Chapter 10. Advanced Control of Glass Tanks Using Simulation Models and Fuzzy Control

  1. John Kieffer
  1. H. P. H. Muysenberg1,
  2. R. A. Bauer1 and
  3. E. G. J. Peters2

Published Online: 26 MAR 2008

DOI: 10.1002/9780470294468.ch10

A Collection of Papers Presented at the 58th Conference on Glass Problems: Ceramic Engineering and Science Proceedings, Volume 19, Issue 1

A Collection of Papers Presented at the 58th Conference on Glass Problems: Ceramic Engineering and Science Proceedings, Volume 19, Issue 1

How to Cite

Muysenberg, H. P. H., Bauer, R. A. and Peters, E. G. J. (1998) Advanced Control of Glass Tanks Using Simulation Models and Fuzzy Control, in A Collection of Papers Presented at the 58th Conference on Glass Problems: Ceramic Engineering and Science Proceedings, Volume 19, Issue 1 (ed J. Kieffer), John Wiley & Sons, Inc., Hoboken, NJ, USA. doi: 10.1002/9780470294468.ch10

Author Information

  1. 1

    TNO-TPD-Glass Technology Research, Eindhoven, Netherlands

  2. 2

    TNO Glass Technology USA, Columbus, Ohio

Publication History

  1. Published Online: 26 MAR 2008
  2. Published Print: 1 JAN 1998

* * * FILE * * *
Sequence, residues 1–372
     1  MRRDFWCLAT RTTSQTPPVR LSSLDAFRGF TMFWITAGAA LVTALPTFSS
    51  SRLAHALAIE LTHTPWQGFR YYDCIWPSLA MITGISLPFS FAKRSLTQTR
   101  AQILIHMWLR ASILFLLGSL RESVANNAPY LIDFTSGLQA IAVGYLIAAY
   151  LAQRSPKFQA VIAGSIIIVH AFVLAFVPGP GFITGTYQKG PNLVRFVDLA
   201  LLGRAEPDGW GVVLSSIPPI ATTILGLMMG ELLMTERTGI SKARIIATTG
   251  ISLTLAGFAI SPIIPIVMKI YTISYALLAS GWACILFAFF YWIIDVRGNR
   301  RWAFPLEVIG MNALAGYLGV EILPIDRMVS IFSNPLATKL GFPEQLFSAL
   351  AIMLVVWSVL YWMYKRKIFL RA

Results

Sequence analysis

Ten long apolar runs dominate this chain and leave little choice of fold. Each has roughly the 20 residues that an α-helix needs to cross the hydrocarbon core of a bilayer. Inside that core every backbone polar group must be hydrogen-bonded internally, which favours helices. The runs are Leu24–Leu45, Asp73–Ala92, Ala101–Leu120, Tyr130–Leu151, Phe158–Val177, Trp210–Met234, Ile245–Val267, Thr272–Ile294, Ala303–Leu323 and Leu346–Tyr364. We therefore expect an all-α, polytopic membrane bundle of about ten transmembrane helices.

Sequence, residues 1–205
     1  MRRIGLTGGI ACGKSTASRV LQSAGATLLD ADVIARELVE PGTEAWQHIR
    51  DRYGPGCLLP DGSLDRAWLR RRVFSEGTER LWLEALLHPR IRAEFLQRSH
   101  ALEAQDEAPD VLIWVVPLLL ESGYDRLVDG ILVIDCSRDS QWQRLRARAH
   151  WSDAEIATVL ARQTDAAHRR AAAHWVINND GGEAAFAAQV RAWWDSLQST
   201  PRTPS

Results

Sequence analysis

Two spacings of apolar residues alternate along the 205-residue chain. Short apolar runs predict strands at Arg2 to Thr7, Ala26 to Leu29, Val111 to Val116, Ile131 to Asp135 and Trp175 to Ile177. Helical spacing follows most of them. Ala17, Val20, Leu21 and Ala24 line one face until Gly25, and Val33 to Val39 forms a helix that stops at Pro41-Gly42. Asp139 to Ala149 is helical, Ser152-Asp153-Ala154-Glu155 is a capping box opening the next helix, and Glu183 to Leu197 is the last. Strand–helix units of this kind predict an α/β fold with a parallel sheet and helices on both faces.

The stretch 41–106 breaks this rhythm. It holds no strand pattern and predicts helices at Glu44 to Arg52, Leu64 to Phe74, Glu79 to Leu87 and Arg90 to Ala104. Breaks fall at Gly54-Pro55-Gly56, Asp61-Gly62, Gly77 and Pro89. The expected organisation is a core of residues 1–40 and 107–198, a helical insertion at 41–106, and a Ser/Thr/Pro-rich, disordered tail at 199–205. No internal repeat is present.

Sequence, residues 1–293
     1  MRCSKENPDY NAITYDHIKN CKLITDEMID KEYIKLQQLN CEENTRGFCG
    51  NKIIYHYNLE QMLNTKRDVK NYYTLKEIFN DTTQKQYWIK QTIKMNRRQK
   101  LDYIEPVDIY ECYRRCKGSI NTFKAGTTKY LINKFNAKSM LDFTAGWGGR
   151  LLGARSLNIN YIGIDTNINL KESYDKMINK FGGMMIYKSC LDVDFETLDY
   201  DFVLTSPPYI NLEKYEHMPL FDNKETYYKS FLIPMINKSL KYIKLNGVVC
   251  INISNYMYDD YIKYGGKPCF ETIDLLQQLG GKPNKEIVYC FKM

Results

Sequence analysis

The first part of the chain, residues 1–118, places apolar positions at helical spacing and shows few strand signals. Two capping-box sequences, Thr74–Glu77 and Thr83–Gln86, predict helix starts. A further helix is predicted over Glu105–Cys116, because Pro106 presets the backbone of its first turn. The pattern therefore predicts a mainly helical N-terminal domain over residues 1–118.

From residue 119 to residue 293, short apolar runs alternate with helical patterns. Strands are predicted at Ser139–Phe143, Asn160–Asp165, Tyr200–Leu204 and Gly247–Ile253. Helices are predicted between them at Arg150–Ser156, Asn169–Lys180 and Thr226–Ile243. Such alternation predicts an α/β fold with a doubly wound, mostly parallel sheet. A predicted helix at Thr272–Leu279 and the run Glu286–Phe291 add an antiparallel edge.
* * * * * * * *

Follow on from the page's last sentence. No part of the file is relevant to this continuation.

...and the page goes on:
ISBN Information

Print ISBN: 9780470375563

Online ISBN: 9780470294468

SEARCH

Keywords:

  • glass tanks;
  • simulation models;
  • fuzzy control;
  • advanced control;
  • optimal glass quality

Summary

With the current improvements in the capabilities of mathematical simulation models, these models can be used for control applications, opening a new methodology for controlling glass furnaces for optimal glass quality. The method is based on three steps. From classical theories a set of basic models can be derived that roughly describes the relationship between furnace design, glass properties, and operation, with settings on the one hand and the glass quality on the other. These relations are simplified, but they form a good basis for designing control strategies. This type of model can be fine-tuned using a detailed mathematical simulation model. Existing nonlinearities, can be built into these simplified models by employing adaptive neuro-fuzzy interference system techniques. The resulting controller is very transparent and robust. For setpoint changes the controller is employed as a feed-forward controller. An example for color change is shown.